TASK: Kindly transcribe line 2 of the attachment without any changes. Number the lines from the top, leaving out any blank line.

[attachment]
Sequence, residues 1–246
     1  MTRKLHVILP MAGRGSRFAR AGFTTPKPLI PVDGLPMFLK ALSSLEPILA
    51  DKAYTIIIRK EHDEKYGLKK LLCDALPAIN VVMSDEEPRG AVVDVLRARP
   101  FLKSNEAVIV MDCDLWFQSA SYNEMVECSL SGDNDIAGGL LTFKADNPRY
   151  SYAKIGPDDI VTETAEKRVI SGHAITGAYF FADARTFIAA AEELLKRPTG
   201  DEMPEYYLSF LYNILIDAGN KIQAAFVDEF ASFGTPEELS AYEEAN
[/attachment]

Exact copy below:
     1  MTRKLHVILP MAGRGSRFAR AGFTTPKPLI PVDGLPMFLK ALSSLEPILA